I was trying to create Office Development projects by opening existing workbooks (about to embark on some very exciting and long-overdue updates to an 8 year old Office VBA project) and in some cases the project was created but the error kept recurring every time I opened the project in VS2010.  In other cases the project creation wizard aborted without creating the project.

This is one of those errors that I dread trying to uncover help for on the web – it seems so specific to my exact situation that I’m unlikely to find help, but in this case I was pleasantly surprised – googling the exact error message retuned a couple of valid-looking hits:

The second points to the first as its source, so really only one actual result, but it looked valid.  Awesome! My problem is about to be solved!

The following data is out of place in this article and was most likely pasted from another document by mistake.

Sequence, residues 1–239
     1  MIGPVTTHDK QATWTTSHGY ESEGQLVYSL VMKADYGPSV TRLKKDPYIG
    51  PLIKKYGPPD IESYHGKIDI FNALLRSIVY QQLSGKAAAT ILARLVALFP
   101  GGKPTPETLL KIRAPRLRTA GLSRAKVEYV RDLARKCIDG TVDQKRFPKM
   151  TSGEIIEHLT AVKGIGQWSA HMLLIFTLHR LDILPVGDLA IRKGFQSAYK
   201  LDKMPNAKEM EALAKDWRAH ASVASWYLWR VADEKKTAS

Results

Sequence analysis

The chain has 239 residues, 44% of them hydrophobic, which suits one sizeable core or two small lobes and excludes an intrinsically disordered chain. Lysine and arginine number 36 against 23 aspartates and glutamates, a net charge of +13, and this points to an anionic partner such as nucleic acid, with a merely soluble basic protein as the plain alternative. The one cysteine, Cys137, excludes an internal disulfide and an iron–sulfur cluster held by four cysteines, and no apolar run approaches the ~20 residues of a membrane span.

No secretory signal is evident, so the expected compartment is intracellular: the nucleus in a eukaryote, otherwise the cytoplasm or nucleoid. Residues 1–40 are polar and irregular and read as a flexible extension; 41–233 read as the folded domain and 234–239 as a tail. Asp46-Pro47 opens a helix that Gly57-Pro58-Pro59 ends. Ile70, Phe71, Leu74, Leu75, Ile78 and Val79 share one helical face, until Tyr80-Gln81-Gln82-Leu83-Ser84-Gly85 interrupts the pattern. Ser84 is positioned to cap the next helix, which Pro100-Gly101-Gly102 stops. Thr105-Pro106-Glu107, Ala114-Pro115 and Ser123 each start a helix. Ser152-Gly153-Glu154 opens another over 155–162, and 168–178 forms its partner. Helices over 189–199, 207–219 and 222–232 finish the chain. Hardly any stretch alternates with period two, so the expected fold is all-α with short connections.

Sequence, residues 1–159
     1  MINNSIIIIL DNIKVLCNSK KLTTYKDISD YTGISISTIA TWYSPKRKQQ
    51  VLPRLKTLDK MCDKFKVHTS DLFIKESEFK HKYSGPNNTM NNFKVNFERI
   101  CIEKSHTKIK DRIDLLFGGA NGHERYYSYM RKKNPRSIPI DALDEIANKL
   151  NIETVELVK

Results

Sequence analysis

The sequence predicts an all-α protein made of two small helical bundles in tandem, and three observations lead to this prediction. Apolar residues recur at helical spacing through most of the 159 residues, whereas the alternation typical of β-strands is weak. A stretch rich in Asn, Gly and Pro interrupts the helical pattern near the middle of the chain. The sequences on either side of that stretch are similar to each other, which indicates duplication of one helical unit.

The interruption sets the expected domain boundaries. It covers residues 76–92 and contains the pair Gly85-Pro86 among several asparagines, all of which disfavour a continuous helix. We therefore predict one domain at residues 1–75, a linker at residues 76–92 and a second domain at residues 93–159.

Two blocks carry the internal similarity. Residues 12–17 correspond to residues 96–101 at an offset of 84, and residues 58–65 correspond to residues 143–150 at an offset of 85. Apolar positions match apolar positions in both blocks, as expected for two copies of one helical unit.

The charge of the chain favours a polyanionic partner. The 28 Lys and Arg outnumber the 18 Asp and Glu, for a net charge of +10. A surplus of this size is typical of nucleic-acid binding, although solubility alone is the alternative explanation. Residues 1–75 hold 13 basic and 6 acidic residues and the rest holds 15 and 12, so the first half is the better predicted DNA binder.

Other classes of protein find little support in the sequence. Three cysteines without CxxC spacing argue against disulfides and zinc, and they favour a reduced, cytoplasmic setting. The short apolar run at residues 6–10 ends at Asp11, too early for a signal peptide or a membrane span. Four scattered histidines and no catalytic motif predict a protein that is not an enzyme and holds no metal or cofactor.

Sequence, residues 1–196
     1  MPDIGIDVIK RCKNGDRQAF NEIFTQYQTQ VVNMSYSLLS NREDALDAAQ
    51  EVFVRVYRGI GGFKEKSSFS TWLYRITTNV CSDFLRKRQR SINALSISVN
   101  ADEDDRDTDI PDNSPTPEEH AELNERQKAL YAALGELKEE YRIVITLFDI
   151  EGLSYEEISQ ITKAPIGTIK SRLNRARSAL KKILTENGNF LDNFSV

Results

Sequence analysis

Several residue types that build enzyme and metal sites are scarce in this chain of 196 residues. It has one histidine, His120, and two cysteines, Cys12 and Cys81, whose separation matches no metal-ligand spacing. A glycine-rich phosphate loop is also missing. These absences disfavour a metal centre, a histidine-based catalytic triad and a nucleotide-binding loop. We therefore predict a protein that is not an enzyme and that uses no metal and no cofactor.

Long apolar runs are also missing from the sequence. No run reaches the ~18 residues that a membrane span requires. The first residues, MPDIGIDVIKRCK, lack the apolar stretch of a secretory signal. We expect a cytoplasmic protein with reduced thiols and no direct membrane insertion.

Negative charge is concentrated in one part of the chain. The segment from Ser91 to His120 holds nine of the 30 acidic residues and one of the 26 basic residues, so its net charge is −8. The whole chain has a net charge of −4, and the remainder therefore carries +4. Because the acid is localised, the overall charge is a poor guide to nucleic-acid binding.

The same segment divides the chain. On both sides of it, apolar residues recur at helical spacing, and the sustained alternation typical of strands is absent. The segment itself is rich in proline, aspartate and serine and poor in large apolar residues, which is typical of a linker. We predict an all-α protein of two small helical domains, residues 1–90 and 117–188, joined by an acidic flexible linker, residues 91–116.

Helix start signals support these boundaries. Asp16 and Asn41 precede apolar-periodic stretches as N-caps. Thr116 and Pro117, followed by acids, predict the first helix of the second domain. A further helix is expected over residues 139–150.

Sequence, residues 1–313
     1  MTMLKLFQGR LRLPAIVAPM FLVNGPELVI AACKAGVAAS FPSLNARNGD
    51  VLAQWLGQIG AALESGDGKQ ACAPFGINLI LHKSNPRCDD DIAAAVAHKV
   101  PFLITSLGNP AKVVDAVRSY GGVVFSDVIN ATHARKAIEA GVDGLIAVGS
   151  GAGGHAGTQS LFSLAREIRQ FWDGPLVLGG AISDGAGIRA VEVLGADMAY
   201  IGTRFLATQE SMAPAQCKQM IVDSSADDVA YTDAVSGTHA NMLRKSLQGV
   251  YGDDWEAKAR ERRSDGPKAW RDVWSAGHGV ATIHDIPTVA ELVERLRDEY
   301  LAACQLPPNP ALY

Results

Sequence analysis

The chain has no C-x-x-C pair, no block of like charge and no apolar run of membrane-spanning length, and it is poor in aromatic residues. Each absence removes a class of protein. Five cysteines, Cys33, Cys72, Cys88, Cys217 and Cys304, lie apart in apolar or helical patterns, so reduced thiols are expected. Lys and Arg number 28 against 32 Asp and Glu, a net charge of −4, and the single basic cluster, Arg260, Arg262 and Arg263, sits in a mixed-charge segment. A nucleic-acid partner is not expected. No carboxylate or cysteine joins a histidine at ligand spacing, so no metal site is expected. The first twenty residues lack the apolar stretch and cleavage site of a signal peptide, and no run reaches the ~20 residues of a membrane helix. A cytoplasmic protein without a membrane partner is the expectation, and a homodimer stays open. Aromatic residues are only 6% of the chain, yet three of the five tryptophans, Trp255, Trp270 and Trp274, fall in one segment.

Only not so much.  Turns out that the setting under discussion( “Trust access to the VBA project object model” in Office 2010) was already set to the correct value in Office 2010. Apparently no help here.

So I fiddled around a little more, tried restarting to see if perhaps some ghost of an office app still had a hold on the VBA project model (the error specifically says that if you have Word or Excel open that can block programmatic access).  No joy.

So I finally went back to the posts in question and re-read them. They seem perfectly relevant and specific to my exact error.  The only difference being that they’re focused on Office 2007 and not Office 2010….

Ding.

I have both Office 2007 and Office 2010 installed. The relevant configuration point was set in 2010, but not in 2007.  I set it in 2007 and everything is hunky-dory.